New York Sues ExxonMobil
DAVID GREENE, HOST:
All right, the energy giant ExxonMobil is accused of misleading investors and shareholders and analysts about the cost of climate change to the company's bottom line. New York's attorney general, Barbara Underwood, is suing the company for defrauding shareholders. And NPR's Wade Goodwyn has the story.
WADE GOODWYN, BYLINE: The lawsuit doesn't hold ExxonMobil liable for helping to create climate change. It accuses the energy giant of misleading the investing public about how global warming was affecting the value of the company's fossil fuel assets around the world.
TOM SANZILLO: What the attorney general is essentially saying is, you kept two sets of books.
GOODWYN: Tom Sanzillo is the director of finance for the Institute for Energy, Economics and Financial Analysis and former New York state comptroller. Sanzillo says the allegations are about Exxon refusing to write down the value of its fossil fuel assets that are still in the ground.
SANZILLO: Two sets of books - one internally that they were keeping so that they understood what reality was and another, more nuanced reality, if you will, for the investment public. The allegation really is that the company is not as big as it says it is and is not worth as much as it says it is.
GOODWYN: Exxon declined to comment to NPR but released a statement that said, in part, these baseless allegations are a product of closed-door lobbying by special interests, political opportunism and the attorney general's inability to admit that a three-year investigation has uncovered no wrongdoing.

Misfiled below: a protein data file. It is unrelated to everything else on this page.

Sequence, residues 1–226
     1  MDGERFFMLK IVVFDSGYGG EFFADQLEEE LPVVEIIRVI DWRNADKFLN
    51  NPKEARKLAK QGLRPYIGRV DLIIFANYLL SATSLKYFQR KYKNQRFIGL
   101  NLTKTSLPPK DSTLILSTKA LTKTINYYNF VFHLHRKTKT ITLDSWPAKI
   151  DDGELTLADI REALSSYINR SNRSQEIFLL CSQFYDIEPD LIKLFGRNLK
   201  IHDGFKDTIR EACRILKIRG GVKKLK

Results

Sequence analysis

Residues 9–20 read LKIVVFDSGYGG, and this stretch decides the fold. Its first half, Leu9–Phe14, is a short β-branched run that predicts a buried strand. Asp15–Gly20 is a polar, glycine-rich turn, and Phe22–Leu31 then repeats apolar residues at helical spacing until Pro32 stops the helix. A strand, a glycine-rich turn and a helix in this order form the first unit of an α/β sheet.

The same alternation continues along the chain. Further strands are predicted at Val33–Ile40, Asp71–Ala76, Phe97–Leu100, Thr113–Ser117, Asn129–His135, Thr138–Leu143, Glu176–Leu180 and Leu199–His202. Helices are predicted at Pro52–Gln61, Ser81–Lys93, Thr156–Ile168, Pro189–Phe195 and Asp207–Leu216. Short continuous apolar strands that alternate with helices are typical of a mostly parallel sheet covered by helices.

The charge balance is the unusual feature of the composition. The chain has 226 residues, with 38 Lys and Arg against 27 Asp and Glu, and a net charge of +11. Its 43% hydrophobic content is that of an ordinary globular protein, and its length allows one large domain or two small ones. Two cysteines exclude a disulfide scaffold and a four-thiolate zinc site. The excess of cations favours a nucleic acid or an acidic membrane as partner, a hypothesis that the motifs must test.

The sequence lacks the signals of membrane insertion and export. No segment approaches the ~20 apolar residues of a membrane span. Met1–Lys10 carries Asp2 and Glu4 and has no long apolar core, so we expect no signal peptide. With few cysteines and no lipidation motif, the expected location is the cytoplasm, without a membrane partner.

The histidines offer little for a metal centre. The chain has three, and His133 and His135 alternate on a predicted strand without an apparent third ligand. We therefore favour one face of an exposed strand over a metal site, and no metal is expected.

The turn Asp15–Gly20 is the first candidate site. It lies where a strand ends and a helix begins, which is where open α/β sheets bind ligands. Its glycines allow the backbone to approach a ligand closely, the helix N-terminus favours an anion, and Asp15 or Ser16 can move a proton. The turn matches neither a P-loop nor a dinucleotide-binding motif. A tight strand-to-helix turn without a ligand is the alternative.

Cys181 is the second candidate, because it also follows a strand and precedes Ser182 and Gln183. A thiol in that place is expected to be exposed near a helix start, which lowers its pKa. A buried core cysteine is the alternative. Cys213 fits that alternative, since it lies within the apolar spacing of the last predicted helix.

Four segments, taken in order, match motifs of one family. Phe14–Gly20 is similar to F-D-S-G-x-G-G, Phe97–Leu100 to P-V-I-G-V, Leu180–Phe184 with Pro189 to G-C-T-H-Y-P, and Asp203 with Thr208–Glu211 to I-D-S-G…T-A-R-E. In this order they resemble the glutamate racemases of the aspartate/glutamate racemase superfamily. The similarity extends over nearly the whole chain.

ExxonMobil has moved to thwart the investigation by attorneys general in three states, alleging it's a conspiracy involving the Rockefeller Foundation, tort lawyers, environmentalists and Democratic AGs. Michael Burger is a professor at Columbia Law School who specializes in climate change law. Burger doubts Exxon's conspiracy theories are going to hold up in court.
MICHAEL BURGER: This is about climate change. It's about the risks that regulation poses to the fossil fuel industry over the next half century or more. But this particular complaint is about corporate fraud.
GOODWYN: At the end of Wednesday's trading on Wall Street, shares of ExxonMobil were down about 3 percent.
Wade Goodwyn, NPR News, Dallas.
NPR transcripts are created on a rush deadline by Verb8tm, Inc., an NPR contractor, and produced using a proprietary transcription process developed with NPR. This text may not be in its final form and may be updated or revised in the future. Accuracy and availability may vary. The authoritative record of NPR’s programming is the audio record.